The existence of coronal plasmoids has been postulated for many years in order to supply material to streamers and possibly to the solar wind (SW). The W-L SoHO C2 Lasco coronagraph observations were made under the 2.2 solar radii (R0) occulting disk to look at the ultimate sources of the SW; EUV imagers are preferably devoted to the analysis of the corona on and very near the solar disk. Here, in addition to eclipse white-light (W-L) snapshots, we used the new SWAP space-borne imager designed for the systematic survey of coronal activity in the EUV lines near 17.4 nm, over a field of view (FOV) up to 2 R0. Using summed and co-aligned images, the corona can then be evaluated for the 1st time up to the limit of this FOV. At the time of the July 11, 2010, solar total eclipse a 20h continuous run of observations was collected, including images taken during eclipse totality from several ground observing locations where W-L data were collected. A plasmoid-like off-limb event was followed using the SWAP summed
Commission 36 acts as a sponsor or co-sponsor at the following symposi and colloquia: IAU Colloquium No. 90 “Upper Main Sequence Stars with Anomalous Abundances”, Crima, USSR (May 1985), IAU Colloquium No. 89 “Radiation Hydrodynamics in Stars and Compact Objects”, Copenhagen, Denmark (June 1985), IAU Symposium No. 120 “Astrochemistry”, Goa, India (December 1985), IAU Colloquium No. 87 “Hydrogen Deficient Stars and Related Objects”, Bangalore, India (December 1985).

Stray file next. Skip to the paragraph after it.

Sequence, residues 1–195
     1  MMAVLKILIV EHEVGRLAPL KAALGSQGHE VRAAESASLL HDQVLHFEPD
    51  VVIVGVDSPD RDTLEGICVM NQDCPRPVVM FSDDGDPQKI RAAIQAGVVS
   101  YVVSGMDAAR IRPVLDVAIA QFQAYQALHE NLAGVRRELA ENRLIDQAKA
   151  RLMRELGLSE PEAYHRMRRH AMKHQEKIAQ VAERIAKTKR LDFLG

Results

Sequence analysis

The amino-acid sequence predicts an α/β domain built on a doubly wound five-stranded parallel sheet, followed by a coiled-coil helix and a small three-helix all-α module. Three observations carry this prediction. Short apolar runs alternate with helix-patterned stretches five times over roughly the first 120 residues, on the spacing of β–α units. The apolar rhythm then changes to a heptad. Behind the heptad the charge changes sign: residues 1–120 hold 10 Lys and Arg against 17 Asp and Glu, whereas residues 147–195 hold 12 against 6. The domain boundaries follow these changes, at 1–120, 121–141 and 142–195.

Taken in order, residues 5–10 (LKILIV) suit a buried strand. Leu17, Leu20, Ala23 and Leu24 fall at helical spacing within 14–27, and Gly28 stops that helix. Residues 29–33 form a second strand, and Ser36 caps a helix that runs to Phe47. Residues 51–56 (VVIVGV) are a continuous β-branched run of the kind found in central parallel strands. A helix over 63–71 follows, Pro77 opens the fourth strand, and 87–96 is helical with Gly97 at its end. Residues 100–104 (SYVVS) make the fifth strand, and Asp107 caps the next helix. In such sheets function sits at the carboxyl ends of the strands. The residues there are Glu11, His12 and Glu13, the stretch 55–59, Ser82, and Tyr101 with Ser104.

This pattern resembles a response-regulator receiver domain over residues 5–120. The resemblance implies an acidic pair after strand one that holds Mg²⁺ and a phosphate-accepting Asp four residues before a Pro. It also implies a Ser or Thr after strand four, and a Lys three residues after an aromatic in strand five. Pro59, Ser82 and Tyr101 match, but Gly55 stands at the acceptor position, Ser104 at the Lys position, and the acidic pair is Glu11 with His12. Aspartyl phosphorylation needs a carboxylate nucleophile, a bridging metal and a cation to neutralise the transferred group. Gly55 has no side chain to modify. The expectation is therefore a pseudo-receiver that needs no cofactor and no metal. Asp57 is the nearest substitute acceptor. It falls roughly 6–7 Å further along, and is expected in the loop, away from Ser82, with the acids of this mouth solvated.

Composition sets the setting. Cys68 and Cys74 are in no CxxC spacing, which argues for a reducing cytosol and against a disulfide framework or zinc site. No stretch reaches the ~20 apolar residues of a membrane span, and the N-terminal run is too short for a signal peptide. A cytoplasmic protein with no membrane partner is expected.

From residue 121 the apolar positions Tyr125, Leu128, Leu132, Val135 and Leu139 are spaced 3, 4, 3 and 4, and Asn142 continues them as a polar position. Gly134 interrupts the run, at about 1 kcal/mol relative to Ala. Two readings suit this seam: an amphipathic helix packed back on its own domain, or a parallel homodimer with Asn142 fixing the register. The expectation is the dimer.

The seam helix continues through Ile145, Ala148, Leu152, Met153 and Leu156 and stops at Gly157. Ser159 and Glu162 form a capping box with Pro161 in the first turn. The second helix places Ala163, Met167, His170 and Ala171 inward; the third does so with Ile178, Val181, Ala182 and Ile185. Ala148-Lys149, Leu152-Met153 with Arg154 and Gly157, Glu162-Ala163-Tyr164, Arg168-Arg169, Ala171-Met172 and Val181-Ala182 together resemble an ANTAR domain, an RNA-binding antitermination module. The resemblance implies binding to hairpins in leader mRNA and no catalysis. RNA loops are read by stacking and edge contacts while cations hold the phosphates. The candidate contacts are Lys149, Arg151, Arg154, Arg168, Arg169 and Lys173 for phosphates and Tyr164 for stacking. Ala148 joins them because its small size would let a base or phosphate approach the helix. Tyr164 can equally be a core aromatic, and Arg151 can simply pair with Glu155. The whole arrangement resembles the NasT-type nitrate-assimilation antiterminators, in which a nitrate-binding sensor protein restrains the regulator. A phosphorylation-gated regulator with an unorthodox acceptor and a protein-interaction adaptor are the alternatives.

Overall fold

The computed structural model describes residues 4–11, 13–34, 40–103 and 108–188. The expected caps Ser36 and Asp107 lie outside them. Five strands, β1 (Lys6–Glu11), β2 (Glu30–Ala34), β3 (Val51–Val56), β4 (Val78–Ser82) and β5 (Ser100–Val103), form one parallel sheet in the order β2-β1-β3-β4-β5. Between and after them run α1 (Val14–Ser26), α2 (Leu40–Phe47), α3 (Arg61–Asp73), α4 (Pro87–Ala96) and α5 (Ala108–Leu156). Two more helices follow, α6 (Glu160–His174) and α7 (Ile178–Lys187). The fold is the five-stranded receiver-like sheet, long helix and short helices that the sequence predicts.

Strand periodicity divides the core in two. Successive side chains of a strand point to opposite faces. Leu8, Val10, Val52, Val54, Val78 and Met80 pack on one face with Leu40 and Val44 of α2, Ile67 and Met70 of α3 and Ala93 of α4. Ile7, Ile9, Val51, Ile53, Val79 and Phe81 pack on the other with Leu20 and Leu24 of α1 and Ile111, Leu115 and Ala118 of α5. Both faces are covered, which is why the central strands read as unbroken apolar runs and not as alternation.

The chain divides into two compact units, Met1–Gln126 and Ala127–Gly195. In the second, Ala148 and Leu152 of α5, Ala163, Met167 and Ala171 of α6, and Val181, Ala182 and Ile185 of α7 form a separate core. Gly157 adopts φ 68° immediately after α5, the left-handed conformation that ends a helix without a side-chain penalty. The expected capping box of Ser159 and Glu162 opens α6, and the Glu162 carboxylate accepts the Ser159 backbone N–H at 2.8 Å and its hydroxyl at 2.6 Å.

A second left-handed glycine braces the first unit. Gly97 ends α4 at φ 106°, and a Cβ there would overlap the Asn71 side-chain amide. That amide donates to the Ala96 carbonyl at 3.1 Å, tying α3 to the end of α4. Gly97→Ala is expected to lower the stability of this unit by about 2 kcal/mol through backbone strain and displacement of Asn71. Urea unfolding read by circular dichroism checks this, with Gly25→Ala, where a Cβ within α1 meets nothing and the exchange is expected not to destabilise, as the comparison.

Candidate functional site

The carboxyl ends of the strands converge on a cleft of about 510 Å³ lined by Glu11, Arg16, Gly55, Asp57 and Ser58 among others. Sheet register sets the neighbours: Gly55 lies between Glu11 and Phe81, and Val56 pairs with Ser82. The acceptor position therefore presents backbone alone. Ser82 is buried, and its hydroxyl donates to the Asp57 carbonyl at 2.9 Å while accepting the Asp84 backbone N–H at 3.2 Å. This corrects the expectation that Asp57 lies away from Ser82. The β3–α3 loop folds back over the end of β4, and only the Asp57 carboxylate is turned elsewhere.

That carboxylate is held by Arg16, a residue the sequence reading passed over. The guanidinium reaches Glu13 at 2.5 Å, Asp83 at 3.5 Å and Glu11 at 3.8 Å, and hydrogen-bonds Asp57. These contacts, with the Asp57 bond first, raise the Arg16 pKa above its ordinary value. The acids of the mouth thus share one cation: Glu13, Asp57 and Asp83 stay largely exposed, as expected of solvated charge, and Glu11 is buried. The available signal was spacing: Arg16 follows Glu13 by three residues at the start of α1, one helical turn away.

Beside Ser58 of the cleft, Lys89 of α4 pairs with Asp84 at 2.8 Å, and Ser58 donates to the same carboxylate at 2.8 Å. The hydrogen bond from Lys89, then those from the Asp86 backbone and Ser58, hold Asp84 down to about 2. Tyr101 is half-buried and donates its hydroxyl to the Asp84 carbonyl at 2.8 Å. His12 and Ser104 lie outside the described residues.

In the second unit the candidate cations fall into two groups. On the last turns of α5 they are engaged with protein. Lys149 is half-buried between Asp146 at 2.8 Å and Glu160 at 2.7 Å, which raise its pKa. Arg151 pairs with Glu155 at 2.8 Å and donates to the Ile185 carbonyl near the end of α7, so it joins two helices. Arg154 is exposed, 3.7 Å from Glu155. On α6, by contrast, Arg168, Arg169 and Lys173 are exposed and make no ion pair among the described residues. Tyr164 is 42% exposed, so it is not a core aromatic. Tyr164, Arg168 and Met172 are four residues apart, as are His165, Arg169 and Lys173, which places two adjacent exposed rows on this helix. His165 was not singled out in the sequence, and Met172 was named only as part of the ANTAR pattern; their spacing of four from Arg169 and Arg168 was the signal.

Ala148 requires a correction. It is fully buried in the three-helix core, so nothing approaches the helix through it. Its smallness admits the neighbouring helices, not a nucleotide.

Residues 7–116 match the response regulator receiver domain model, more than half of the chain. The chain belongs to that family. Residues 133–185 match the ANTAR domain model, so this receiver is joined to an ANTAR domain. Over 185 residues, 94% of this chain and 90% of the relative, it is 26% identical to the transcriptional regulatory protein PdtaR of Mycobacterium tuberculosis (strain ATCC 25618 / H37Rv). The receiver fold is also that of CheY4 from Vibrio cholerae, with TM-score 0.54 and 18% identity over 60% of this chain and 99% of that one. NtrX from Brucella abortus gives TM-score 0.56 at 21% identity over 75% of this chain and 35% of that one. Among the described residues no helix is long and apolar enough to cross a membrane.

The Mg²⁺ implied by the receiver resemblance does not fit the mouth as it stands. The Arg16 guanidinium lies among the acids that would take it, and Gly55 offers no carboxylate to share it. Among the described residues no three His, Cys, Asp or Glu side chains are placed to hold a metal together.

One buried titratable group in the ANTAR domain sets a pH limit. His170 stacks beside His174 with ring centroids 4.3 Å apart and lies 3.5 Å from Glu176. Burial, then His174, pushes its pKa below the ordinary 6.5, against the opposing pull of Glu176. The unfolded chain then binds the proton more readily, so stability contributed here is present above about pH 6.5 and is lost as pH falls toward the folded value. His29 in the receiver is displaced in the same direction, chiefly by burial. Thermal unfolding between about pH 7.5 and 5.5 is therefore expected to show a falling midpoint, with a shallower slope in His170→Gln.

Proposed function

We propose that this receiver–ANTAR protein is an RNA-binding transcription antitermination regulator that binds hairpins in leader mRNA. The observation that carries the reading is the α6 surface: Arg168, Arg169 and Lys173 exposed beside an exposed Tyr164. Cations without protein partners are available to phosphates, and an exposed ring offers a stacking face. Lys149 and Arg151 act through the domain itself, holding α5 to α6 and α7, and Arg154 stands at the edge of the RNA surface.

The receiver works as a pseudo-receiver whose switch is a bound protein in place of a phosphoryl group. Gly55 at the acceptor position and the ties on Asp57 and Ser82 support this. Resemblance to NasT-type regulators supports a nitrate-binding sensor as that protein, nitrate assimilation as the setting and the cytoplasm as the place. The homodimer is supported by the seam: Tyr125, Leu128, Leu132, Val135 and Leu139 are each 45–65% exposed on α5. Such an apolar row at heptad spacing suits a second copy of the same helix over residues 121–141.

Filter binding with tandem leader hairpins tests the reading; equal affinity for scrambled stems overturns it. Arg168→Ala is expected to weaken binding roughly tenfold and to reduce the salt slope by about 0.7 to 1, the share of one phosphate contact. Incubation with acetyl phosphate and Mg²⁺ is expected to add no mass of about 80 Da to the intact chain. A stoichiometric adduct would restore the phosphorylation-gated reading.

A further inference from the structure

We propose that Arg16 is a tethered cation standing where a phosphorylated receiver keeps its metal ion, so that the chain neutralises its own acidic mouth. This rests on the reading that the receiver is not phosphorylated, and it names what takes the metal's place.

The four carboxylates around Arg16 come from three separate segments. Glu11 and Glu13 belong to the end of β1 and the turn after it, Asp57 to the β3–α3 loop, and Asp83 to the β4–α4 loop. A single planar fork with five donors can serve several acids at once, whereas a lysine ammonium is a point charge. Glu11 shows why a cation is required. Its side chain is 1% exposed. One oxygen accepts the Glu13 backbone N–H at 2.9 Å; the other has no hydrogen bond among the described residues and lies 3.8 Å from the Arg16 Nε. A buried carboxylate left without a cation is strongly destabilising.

Commission 36 acts as a cosponsor of the following Symposia: (1) IAU Symposium No. 102 “Solar and Stellar Magnetic Fields: Origin and Coronal Effects” Zurich, Switzerland (2-6 August 1982) and (2) IAU Symposium No. 103 “Planetary Nebulae” London, UK (10-1U August 1982). The commission participates jointly with Commissions 29, 35, and 45 in the organization of a Joint Discussion at the IXth General Assembly on the topic “Mass-Loss-Phenomena”.